US2744196A - Pulse width discriminator - Google Patents

Pulse width discriminator Download PDF

Info

Publication number
US2744196A
US2744196A US621402A US62140245A US2744196A US 2744196 A US2744196 A US 2744196A US 621402 A US621402 A US 621402A US 62140245 A US62140245 A US 62140245A US 2744196 A US2744196 A US 2744196A
Authority
US
United States
Prior art keywords
pulse
circuit
tube
time constant
grid
Prior art date
Legal status (The legal status is an assumption and is not a legal conclusion. Google has not performed a legal analysis and makes no representation as to the accuracy of the status listed.)
Expired - Lifetime
Application number
US621402A
Inventor
Conrad H Hoeppner
Jr Carl Harrison Smith
Original Assignee
Conrad H Hoeppner
Jr Carl Harrison Smith
Priority date (The priority date is an assumption and is not a legal conclusion. Google has not performed a legal analysis and makes no representation as to the accuracy of the date listed.)
Filing date
Publication date
Application filed by Conrad H Hoeppner, Jr Carl Harrison Smith filed Critical Conrad H Hoeppner
Priority to US621402A priority Critical patent/US2744196A/en
Application granted granted Critical
Publication of US2744196A publication Critical patent/US2744196A/en
Anticipated expiration legal-status Critical
Application status is Expired - Lifetime legal-status Critical

Links

Images

Classifications

    • HELECTRICITY
    • H04ELECTRIC COMMUNICATION TECHNIQUE
    • H04NPICTORIAL COMMUNICATION, e.g. TELEVISION
    • H04N5/00Details of television systems
    • H04N5/04Synchronising
    • H04N5/08Separation of synchronising signals from picture signals
    • H04N5/10Separation of line synchronising signal from frame synchronising signal or vice versa
    • GPHYSICS
    • G01MEASURING; TESTING
    • G01RMEASURING ELECTRIC VARIABLES; MEASURING MAGNETIC VARIABLES
    • G01R29/00Arrangements for measuring or indicating electric quantities not covered by groups G01R19/00 - G01R27/00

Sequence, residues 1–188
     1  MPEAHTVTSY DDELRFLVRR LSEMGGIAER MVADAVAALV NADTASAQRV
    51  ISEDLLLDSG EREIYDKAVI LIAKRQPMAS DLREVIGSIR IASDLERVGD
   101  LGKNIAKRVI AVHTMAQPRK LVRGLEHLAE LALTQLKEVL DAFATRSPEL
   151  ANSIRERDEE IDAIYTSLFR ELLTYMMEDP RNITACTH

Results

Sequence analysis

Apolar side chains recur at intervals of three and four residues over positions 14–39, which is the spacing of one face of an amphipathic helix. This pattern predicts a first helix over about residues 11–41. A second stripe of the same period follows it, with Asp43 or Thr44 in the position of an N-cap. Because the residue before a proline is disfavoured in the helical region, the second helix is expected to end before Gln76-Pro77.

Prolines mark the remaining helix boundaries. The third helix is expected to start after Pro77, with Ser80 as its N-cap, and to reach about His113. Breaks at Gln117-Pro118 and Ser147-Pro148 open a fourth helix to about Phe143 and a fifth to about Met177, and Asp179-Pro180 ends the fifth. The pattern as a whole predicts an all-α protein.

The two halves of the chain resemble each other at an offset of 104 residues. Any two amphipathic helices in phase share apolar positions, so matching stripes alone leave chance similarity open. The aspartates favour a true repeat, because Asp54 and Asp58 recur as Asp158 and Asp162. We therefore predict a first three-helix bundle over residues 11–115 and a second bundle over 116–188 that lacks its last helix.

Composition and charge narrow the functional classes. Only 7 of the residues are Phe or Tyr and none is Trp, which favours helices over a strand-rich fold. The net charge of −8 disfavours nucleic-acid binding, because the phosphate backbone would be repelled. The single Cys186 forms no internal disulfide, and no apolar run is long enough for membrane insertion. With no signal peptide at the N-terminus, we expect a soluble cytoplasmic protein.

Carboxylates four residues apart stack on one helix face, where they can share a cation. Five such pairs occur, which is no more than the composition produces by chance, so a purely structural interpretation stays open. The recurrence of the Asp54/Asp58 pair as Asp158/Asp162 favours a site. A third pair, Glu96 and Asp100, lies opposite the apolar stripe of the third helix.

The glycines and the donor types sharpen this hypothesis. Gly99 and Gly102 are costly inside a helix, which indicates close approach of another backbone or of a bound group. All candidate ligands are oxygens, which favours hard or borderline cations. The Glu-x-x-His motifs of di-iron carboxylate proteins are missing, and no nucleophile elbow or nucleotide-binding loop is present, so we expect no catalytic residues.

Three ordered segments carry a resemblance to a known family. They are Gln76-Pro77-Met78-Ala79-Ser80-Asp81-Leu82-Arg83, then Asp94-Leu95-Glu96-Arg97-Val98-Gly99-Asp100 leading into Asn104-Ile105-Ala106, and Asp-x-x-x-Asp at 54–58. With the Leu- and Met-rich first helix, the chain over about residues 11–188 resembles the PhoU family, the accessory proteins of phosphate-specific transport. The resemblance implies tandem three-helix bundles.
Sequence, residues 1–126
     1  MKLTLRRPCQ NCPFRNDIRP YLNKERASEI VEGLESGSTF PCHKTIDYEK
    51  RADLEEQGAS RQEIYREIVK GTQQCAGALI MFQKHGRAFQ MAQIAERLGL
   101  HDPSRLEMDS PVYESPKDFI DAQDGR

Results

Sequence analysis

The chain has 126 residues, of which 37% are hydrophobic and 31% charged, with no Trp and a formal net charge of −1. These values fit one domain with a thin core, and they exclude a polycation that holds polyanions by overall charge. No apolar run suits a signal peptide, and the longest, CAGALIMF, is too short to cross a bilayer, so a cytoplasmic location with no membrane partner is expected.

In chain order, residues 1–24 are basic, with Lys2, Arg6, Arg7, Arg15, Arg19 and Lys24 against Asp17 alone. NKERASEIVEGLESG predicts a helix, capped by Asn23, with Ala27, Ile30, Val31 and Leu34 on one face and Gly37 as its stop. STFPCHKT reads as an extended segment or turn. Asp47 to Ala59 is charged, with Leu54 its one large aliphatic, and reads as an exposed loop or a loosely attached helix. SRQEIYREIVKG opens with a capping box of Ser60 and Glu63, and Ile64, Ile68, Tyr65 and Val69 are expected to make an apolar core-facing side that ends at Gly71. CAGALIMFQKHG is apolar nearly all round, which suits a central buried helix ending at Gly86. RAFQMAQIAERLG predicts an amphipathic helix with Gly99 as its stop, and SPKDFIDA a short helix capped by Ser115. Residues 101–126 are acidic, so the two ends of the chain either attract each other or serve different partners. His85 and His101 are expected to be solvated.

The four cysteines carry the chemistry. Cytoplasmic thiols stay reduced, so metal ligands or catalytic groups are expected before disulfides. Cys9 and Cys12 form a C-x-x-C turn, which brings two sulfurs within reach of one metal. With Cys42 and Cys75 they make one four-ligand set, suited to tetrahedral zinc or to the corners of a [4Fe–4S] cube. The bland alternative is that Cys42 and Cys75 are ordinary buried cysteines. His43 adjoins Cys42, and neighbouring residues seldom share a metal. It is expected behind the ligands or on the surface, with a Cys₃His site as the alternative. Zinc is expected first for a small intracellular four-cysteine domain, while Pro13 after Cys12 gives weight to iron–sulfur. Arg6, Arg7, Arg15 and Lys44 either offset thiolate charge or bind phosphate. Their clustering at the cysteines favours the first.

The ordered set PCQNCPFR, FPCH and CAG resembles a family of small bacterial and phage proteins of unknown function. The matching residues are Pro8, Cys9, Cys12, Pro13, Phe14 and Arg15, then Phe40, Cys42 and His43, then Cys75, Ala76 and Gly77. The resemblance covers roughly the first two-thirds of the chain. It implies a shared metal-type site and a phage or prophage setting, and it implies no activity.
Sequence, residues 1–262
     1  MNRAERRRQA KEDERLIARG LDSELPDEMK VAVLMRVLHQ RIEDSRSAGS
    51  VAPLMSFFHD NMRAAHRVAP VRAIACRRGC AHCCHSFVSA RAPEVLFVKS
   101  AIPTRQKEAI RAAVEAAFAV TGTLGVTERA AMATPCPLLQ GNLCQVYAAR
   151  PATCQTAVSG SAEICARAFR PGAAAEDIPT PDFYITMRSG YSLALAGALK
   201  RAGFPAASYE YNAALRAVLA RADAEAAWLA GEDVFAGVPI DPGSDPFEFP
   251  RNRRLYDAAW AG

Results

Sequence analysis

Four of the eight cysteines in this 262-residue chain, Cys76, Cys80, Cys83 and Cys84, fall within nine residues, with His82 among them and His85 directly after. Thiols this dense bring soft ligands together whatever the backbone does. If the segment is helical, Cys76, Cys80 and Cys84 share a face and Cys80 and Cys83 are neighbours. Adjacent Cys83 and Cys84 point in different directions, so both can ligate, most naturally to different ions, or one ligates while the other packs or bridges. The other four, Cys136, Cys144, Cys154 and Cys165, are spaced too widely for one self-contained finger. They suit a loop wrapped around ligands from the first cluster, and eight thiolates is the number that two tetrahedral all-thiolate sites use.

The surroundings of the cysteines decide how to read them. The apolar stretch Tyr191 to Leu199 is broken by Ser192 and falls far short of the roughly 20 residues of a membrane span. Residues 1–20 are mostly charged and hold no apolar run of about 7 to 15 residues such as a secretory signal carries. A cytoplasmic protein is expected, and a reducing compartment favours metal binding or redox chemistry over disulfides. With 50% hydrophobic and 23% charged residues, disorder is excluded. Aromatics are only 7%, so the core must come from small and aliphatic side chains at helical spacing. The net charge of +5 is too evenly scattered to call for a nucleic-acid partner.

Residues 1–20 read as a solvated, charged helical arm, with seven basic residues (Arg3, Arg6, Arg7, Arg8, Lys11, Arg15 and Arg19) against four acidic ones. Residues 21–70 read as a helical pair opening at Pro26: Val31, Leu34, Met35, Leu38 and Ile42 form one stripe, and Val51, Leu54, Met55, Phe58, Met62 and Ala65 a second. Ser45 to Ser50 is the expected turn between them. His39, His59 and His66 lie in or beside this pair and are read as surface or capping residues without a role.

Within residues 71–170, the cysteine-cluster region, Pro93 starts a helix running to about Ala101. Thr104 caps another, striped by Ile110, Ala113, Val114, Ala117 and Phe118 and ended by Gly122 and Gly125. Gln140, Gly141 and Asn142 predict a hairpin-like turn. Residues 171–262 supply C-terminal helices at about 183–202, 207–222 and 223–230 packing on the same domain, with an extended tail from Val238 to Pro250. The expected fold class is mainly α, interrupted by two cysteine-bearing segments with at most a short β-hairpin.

• G01R29/02Measuring characteristics of individual pulses, e.g. deviation from pulse flatness, rise time, duration
    • G01R29/027Indicating that a pulse characteristic is either above or below a predetermined value or within or beyond a predetermined range of values
    • G01R29/0273Indicating that a pulse characteristic is either above or below a predetermined value or within or beyond a predetermined range of values the pulse characteristic being duration, i.e. width (indicating that frequency of pulses is above or below a certain limit)
    • GPHYSICS
    • G01MEASURING; TESTING
    • G01SRADIO DIRECTION-FINDING; RADIO NAVIGATION; DETERMINING DISTANCE OR VELOCITY BY USE OF RADIO WAVES; LOCATING OR PRESENCE-DETECTING BY USE OF THE REFLECTION OR RERADIATION OF RADIO WAVES; ANALOGOUS ARRANGEMENTS USING OTHER WAVES
    • G01S13/00Systems using the reflection or reradiation of radio waves, e.g. radar systems; Analogous systems using reflection or reradiation of waves whose nature or wavelength is irrelevant or unspecified
    • G01S13/74Systems using reradiation of radio waves, e.g. secondary radar systems; Analogous systems
    • G01S13/76Systems using reradiation of radio waves, e.g. secondary radar systems; Analogous systems wherein pulse-type signals are transmitted
    • G01S13/765Systems using reradiation of radio waves, e.g. secondary radar systems; Analogous systems wherein pulse-type signals are transmitted with exchange of information between interrogator and responder
    • GPHYSICS
    • G01MEASURING; TESTING
    • G01SRADIO DIRECTION-FINDING; RADIO NAVIGATION; DETERMINING DISTANCE OR VELOCITY BY USE OF RADIO WAVES; LOCATING OR PRESENCE-DETECTING BY USE OF THE REFLECTION OR RERADIATION OF RADIO WAVES; ANALOGOUS ARRANGEMENTS USING OTHER WAVES
    • G01S7/00Details of systems according to groups G01S13/00, G01S15/00, G01S17/00
    • G01S7/02Details of systems according to groups G01S13/00, G01S15/00, G01S17/00 of systems according to group G01S13/00
    • G01S7/28Details of pulse systems
    • G01S7/285Receivers
    • G01S7/292Extracting wanted echo-signals
    • G01S7/2921Extracting wanted echo-signals based on data belonging to one radar period

Description

R. R J, lo lo lo lo m .mm v 3 .v DI uw 1 m w m t O S 1 e lll. |l I. 4, m l 1| oom ool J oww H. m 4 Q 5 H A 7 s D H l. t A 2 .m mmm MJ@ QM m. W m S O A C C 2 Q mt L o wir: m n N NTI.. N\ N m. R m mm m 2f FH mm E Dn w Uh lll m m ma E M mf omi T Non m @JW .V\ m\ H m l c m P +m c +m +m .vllmlh MH mllmH-H mllmh-H H May 1, 1956 c. H. HOEPPNER Erm. 2,744,196